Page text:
Comment by Bevan Berg — Thu 9th August 2007 @ 2:22 pm

  10. Bevan,

    Gosh. I have nothing to say on marriage. For ar against because I can’t be fair.

    But Gordon has every right to think how he does as far as I am concerned.

    But if you are interested. I am against marriage as the feminists and MTGOW are. Get rid of it. But then I can’t push my personal experience on others.

    Comment by julie — Thu 9th August 2007 @ 3:21 pm

  11. But then again Bevan,

    If you get rid of marriage; or the feminists do … can you also get rid of the idea that children need a mum and a dad. And can you also bring forward the pills that make people forget past experiences.

    Comment by julie — Thu 9th August 2007 @ 3:30 pm

  12. That’s right Julie, that is why the instiution requires protection. And yes Bevan, I agree that the environment is platform for reform and not the institution.

    But that one group any could only see the legal institution as the way to preserve the environment and another could only see the environment in the same light is not a value of conflict.

    The instiution protects children from a frame labled as “bastard”. If the institution or the environment are to be protected then with it comes the necessity to mitigate the damage of either on the child, where the child could be born (or exists) as stereotyped. So when a condition like the Civil Union pops up that creates the entitlement for children to have the same conditions as if by marriage this minimises the discrimination agaisnt any child born out of wedlock but at its cost removes the security and protections associable (as they used to be) with wedlock.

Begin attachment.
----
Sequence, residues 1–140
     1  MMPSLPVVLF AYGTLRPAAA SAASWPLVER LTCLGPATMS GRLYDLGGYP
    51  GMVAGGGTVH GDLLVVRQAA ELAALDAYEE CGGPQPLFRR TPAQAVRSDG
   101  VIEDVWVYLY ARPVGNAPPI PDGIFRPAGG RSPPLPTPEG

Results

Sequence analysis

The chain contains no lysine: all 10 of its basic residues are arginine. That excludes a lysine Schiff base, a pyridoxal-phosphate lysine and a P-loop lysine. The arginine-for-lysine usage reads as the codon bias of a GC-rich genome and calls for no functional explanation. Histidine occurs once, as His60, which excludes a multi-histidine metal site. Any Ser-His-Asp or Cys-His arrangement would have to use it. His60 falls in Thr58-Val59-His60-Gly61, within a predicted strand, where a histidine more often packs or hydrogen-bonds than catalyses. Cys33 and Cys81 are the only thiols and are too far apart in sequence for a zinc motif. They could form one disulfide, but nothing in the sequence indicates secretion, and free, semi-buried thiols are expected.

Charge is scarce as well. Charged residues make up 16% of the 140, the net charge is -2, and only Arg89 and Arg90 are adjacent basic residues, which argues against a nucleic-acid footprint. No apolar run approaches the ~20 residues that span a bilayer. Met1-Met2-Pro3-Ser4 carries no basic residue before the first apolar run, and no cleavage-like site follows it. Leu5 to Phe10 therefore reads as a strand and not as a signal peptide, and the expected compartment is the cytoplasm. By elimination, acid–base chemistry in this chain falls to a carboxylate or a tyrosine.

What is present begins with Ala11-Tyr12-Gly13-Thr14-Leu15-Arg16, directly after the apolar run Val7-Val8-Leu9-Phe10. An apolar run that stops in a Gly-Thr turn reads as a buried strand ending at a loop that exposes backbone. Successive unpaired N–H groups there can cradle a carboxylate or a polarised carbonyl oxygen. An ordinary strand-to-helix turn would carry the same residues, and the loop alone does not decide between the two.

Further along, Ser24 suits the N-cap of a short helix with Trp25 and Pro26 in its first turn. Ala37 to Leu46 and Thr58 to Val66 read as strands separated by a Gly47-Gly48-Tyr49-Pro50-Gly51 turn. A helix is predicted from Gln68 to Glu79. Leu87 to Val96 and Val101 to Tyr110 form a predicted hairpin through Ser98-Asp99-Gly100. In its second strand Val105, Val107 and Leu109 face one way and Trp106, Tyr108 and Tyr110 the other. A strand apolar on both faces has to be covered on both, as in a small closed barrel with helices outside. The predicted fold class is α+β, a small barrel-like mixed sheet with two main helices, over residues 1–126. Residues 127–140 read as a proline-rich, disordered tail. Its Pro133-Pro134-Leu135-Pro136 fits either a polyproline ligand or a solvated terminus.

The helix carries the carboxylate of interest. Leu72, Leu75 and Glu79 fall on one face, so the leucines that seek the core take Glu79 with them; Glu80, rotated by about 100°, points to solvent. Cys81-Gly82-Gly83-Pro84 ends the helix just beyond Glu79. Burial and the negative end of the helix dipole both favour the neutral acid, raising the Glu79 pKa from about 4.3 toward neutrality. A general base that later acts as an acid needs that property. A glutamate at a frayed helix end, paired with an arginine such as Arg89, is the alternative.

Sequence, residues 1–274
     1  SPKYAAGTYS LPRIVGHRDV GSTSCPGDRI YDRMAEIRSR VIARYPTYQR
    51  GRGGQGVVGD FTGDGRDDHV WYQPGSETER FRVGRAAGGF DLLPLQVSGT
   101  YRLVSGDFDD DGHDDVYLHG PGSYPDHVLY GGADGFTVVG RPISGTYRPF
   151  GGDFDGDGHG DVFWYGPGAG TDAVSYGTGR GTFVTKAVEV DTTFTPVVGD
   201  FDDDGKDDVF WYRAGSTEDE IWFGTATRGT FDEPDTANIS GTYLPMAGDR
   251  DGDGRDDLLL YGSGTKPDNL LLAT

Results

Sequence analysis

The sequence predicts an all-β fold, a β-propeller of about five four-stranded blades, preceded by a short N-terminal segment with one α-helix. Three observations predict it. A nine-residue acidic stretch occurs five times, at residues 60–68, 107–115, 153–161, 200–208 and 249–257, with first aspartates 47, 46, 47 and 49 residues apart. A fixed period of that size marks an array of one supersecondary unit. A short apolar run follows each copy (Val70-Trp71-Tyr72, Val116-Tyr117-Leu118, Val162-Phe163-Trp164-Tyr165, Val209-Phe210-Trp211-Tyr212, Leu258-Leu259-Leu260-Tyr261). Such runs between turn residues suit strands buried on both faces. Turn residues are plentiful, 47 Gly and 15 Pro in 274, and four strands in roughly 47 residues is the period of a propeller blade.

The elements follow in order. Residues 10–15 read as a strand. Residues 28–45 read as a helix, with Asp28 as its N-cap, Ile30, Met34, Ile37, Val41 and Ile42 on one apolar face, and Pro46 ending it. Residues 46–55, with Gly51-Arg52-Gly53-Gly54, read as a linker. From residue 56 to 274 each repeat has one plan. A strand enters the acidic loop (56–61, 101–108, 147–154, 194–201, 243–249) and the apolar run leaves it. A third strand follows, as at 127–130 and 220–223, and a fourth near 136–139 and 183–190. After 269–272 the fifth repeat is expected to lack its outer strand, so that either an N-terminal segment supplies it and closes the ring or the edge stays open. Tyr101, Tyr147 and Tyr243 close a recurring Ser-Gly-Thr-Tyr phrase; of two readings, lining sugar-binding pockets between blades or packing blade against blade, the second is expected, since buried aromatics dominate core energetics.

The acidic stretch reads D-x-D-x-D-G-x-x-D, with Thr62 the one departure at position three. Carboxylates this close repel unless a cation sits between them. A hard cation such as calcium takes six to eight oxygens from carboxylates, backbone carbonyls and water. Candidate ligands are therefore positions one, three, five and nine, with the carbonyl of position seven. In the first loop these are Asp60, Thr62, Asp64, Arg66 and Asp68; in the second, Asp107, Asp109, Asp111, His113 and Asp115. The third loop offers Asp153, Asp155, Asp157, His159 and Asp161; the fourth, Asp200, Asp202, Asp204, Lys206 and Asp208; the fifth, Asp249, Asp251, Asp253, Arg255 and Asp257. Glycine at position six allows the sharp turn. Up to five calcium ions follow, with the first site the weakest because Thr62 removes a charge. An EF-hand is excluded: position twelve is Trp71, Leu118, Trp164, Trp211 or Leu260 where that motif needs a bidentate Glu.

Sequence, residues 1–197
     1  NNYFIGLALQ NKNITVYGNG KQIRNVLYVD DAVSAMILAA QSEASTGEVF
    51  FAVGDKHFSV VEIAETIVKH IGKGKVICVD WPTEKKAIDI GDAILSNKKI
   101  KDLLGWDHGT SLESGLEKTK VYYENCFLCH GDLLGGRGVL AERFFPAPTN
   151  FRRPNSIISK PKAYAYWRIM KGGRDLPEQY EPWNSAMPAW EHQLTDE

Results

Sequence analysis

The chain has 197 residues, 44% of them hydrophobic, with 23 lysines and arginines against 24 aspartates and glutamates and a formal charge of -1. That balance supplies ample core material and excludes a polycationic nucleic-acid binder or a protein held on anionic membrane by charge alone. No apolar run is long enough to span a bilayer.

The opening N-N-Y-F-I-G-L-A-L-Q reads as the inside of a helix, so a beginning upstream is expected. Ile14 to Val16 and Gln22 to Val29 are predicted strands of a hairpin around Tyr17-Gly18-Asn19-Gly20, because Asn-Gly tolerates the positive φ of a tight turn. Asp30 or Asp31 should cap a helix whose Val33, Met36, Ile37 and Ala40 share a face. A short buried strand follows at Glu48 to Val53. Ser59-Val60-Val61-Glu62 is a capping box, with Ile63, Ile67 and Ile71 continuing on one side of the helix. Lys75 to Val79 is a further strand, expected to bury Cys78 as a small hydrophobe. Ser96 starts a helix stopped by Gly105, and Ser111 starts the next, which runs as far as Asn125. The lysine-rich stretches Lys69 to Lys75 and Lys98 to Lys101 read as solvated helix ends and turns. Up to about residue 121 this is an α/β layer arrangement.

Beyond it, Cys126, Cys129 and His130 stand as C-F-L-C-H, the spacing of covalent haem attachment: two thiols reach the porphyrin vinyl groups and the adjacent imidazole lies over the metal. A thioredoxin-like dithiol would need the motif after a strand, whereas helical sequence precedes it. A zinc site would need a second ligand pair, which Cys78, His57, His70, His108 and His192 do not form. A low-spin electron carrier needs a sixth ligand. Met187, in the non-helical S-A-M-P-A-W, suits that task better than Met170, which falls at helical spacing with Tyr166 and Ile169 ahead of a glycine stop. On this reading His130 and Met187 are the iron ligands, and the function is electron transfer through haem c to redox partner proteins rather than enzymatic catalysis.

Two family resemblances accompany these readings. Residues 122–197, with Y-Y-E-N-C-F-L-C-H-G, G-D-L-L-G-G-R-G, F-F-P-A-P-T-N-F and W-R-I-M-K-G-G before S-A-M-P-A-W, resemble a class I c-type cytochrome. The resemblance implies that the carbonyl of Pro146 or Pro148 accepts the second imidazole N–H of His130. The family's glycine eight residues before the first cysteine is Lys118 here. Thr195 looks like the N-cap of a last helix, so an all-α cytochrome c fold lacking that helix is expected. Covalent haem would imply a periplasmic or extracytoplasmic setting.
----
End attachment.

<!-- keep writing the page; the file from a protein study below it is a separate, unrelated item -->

If you want to protect wedlock you have to frame its instiution so to be separate from that of a Civil Union. This, as we have is still moderately secure where marriage remains the bastion of hetrosexuality. But what has been removed – and I add again for the umpteenth time improperly – is the protection opf that hetrosexual bastion as the environment for children. This principle has been eroded for a lack of community condition to stay protective of marriage being the house for any child born. That means mum and dad.